3. Toppin and succering baccer: The tobacco plants get flowers on top and little side shoots that have to be picked off. You "top" the flowers and "succer" the side leaves.
4. Croppin baccer: The process of picking the leaves off the stalks. The leaves were cropped starting with the bottom leaves. Each tobacco plant was cropped several times over the summer, going up the stalk until all the leaves were gone.
5. Sand lugs: The bottom leaves that start turning slightly yellow first and are cropped first. They are full of sand because they are near the ground. These aren't as valuable as the leaves higher up on the stalk.
6. Tyin baccer: The process of sitting on the harvester and tying handfuls of tobacco on a tobacco stick. There was an art to this and I became pretty good at it. My tobacco leaves did not fall of the stick after I tied them on there. On the other hand, it had to be put on there in such a way that it was easy to take off the sticks as well.
7. The baccer harvester. This was way more labor intensive than it sounds. The harvester was a contraption that was pulled by a tractor, had a shelter over it and pulled a baccer trailer behind. The tobacco was planted with 4 rows on each side of a "middle". the workers sat on the harvester as it slowly crept down the rows. There were 4 pairs of workers, usually 4 teenage or adult guys who sat down near the ground in a seat and as they cropped the leaves off the plant, they would hand the handfuls of leaves up to the tyers, who sat up above them and who were usually girls.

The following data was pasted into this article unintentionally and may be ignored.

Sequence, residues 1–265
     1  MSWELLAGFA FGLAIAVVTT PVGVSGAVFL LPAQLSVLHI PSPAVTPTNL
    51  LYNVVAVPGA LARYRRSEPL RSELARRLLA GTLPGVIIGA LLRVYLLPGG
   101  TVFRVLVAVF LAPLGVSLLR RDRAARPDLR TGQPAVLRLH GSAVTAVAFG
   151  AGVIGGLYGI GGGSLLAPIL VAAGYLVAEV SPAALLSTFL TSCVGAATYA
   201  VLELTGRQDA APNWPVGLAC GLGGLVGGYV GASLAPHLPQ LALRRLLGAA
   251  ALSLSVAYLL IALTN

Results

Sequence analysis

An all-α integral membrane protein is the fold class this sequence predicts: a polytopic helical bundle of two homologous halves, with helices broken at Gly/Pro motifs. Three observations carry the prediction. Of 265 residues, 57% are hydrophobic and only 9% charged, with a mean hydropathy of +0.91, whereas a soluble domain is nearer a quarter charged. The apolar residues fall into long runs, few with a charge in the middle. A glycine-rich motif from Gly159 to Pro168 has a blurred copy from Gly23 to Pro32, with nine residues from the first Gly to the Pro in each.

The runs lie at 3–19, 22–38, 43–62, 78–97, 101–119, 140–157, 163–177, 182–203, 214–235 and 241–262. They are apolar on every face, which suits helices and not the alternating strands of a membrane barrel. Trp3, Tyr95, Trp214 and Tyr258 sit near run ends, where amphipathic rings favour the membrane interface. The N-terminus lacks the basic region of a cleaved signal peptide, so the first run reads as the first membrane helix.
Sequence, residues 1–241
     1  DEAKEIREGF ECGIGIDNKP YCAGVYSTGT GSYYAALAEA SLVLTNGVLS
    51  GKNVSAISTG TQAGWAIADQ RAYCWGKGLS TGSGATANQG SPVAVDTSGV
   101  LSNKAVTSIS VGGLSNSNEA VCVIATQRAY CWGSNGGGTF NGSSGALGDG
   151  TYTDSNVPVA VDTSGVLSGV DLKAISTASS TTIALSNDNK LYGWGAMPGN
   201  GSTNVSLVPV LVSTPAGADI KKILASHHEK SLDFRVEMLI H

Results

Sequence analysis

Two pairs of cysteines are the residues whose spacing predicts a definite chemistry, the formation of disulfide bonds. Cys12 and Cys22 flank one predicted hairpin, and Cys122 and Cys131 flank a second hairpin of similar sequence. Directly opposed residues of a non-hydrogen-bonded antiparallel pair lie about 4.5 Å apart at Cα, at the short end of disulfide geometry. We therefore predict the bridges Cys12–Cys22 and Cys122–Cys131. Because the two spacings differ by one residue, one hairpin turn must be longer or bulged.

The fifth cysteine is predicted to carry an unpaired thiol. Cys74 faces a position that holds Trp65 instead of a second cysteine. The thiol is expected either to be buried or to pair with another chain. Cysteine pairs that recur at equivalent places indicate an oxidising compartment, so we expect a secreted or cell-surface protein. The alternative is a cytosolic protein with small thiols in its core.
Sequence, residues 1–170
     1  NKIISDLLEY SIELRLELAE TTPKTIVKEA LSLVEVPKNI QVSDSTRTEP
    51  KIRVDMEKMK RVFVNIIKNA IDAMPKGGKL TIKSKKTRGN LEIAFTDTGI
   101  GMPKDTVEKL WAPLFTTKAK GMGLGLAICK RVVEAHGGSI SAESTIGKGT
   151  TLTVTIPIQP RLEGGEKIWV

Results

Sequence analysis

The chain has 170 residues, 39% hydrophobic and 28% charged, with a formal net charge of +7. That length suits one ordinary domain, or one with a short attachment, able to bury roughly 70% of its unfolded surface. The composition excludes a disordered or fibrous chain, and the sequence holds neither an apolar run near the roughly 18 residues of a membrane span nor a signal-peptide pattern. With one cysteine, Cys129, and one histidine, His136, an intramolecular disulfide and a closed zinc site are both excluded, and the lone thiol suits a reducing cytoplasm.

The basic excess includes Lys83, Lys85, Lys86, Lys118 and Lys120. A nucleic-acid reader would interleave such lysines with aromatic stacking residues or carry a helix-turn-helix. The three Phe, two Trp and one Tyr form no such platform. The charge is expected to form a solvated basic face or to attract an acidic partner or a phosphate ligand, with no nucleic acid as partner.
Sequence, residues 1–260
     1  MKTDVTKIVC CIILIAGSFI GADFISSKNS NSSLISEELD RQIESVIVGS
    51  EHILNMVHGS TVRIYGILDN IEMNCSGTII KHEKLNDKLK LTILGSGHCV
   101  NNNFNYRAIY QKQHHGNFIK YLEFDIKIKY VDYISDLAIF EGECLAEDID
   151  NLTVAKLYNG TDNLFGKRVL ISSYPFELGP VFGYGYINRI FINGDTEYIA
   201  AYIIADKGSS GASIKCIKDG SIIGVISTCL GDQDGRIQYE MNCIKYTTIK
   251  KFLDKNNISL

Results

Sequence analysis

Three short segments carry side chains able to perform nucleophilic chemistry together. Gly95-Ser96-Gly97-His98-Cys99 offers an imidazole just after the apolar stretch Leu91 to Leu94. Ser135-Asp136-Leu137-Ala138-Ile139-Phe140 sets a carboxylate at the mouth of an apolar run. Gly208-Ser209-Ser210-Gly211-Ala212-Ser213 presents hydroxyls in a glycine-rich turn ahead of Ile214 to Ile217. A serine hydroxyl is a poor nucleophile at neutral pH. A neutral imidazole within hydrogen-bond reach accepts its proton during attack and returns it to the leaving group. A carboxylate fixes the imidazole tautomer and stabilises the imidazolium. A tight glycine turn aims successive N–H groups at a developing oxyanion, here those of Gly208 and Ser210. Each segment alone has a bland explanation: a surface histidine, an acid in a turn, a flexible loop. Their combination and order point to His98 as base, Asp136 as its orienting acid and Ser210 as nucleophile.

There was also a person driving the tractor. I was doing this at 8 years old with no umbrella over me in the hot North Carolina Summer sun. Sun screen did not exist. I had to know what to do when they said "whoa!", "slow down", or "speed up". I stopped when I got to the end of the row and let an adult turn the thing into the next row.
The work crew was rounded out by another guy, who took the sticks of tobacco when they were full and tied off and layed them on a trailer that was being pulled behind the tractor. Another job that a young child would do is to walk behind the whole thing and pick up any dropped leaves.
On the harvester there was usually a water cooler which was filled with a big chunk of ice and water each morning. It was very important to have this water for the workers so that they could keep hydrated during the hot weather.